On top of everything else, the climate crisis is already hitting Madagascar hard. The climate change-exacerbated drought currently gripping the country is the worst in 40forty years, and threatens a million people with starvation. Such impacts will only intensify as the world warms. If these elements continue—if growth and liberal “progress” proceed apace—then sifakas, and much of Madagascar’s other endemic wildlife, will surely go extinct. And soon. While climate change gets most of the coverage, the extinction crisis entails equally apocalyptic consequences. The rainforests are just the frontline trenches of this emergency.
The World Bank has also lent to Madagascar and recently touted the country’s rapid economic growth over the last five years. Meanwhile, Madagascar remains one of the poorest countries in the world and one of the most deforested. The essential neoliberal promise—still driving policy today—that economic growth trickles down to improve poverty is clearly false, and the experience of Madagascar is one among many case studies. “Growth” is a euphemism that sanitizes the process of multinationals and richer nations plundering a country’s natural resources.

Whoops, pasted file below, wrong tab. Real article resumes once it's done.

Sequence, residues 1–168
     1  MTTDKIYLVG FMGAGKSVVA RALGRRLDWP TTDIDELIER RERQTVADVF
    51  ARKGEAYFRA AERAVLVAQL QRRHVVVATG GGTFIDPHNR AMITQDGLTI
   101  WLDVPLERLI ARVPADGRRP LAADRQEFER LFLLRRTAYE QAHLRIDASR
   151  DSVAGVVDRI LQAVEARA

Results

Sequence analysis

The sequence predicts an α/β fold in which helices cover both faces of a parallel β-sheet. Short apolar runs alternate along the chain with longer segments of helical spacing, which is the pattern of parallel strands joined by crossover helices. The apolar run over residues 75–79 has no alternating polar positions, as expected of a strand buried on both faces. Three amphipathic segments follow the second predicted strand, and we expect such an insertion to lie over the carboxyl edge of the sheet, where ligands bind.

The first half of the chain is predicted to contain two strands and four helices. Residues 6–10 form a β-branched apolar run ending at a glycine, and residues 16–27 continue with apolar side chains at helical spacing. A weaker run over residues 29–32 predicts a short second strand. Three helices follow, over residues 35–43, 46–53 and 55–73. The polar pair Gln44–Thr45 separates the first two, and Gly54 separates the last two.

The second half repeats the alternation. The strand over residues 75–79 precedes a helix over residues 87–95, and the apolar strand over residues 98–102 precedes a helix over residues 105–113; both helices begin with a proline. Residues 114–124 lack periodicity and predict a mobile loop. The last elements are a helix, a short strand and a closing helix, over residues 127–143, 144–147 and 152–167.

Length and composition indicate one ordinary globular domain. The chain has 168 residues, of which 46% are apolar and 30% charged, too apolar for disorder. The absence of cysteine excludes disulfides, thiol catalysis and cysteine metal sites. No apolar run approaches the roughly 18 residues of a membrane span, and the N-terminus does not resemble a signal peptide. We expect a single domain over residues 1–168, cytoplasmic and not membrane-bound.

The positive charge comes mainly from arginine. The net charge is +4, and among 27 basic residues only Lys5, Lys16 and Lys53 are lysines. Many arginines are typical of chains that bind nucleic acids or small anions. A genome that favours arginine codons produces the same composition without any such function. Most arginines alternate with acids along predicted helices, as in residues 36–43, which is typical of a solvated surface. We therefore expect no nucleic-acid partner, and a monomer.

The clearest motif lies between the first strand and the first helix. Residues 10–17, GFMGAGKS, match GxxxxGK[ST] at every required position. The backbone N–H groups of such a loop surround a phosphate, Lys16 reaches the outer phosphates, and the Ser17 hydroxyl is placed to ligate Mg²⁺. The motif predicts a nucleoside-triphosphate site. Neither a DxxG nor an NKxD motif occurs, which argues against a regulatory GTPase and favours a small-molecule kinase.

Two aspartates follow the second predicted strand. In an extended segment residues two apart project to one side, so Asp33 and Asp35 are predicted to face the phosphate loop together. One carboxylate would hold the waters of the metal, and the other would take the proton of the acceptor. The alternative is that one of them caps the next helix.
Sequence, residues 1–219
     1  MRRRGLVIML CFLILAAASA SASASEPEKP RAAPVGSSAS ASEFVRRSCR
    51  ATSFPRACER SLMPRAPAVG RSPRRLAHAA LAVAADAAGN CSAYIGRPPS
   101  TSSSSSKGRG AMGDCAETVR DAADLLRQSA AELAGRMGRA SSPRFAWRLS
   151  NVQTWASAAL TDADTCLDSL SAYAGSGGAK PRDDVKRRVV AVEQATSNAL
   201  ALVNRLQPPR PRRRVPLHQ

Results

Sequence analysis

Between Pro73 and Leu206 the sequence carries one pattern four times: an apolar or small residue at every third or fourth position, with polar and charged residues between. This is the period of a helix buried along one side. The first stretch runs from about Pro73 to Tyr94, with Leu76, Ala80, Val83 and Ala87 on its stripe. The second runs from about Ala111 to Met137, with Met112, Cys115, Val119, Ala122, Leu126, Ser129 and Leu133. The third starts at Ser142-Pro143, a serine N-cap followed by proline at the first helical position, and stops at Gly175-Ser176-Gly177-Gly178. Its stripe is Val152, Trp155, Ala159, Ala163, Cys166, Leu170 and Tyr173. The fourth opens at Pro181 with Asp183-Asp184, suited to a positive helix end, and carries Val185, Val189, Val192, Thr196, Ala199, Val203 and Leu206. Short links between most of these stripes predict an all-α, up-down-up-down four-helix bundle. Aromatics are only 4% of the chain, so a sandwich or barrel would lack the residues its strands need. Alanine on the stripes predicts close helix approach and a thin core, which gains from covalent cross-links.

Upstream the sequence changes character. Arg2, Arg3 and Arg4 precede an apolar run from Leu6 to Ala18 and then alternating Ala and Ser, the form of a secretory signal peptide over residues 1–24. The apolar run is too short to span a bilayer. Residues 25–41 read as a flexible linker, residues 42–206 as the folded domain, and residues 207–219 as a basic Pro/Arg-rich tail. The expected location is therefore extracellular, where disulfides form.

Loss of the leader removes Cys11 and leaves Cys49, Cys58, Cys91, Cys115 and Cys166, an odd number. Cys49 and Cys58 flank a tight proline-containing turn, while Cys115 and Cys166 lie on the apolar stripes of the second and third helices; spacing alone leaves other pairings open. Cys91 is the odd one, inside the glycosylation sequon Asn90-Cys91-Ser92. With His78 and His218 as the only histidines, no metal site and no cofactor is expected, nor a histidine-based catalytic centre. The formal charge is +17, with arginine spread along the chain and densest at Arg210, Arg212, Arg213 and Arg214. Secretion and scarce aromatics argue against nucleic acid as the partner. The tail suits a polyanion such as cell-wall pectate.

Elsewhere in the world, three major rainforests are still intact: the Amazon, the Congo Rainforest and Basin, and Borneo (the world’s third largest island) in the Malay Archipelago. Twenty-percent of the Amazon has been destroyed since the 1970s; the rest is very near thresholds that, if crossed, will send it into an inescapable death spiral, ensuring its collapse by the 2060s. Thanks to the forces of economic liberalization, the Amazon is now a net-emitter of CO2 rather than a carbon sink, releasing nearly 20 percent more CO2 than it absorbed over the last decade. Between 2000 and 2010, the Congo Basin lost 700,000 hectares—about the square mileage of Delaware—per year, and the deforestation rate has slowed only moderately since then. One study predicts its demise by 2100. Nearly half of the forest cover in nearby Nigeria was destroyed in a 10ten-year timespan—between 2007 and 2017—much of it for charcoal sold in local and international markets. In Borneo, an area the size of Belgium was illegally logged between 1985 and 2001, and at approximately the same time, oil palm production grew by an order of magnitude, from 600,000 to 6 million hectares. Palm oil has become a cheap, efficient, and versatile source of vegetable oil; it can be found in about half of supermarket products from food to toothpaste, and also in animal feed and biofuels. Oil palm plantations are not a substitute for rainforest nor examples of “reforestation.” They’re chemical deserts. According to one study: “The island of Borneo as a whole seems to have reached a level of forest degradation that is beyond a point of no return,” when it comes to vegetation loss and carbon sequestration. Timber mafias illegally logging Borneo to feed international markets have been accelerating this collapse. As in Madagascar, the culprits in the destruction of these last great forests are industrial plantations (oil palm, rubber, and sugar) plus cattle farms, soy fields, biofuels, mining, wood harvested for furniture and global lumber markets, urbanization, and the familiar hunger of modern empires for annual growth and “human progress.” Residing in these rainforests and critically threatened with extinction are gorillas, chimpanzees, bonobos, and orangutans—human beings’ closest evolutionary relatives—as well as elephants, big cats, and tens of thousands of small species most of us have never heard of. If the world’s rainforests disintegrate into plantations, savannas, and deserts, we don’t know what to expect—it hasn’t happened while humans have existed—but, combined with status quo fossil fuel emissions, it could result in runaway climate change, droughts and evaporating food supplies, shifts in global weather patterns, and an irreparably deadened world. The destiny of Homo sapiens is intimately tied with that of the world’s rainforests. If they go, we may well join all the species we are currently in the process of extinguishing.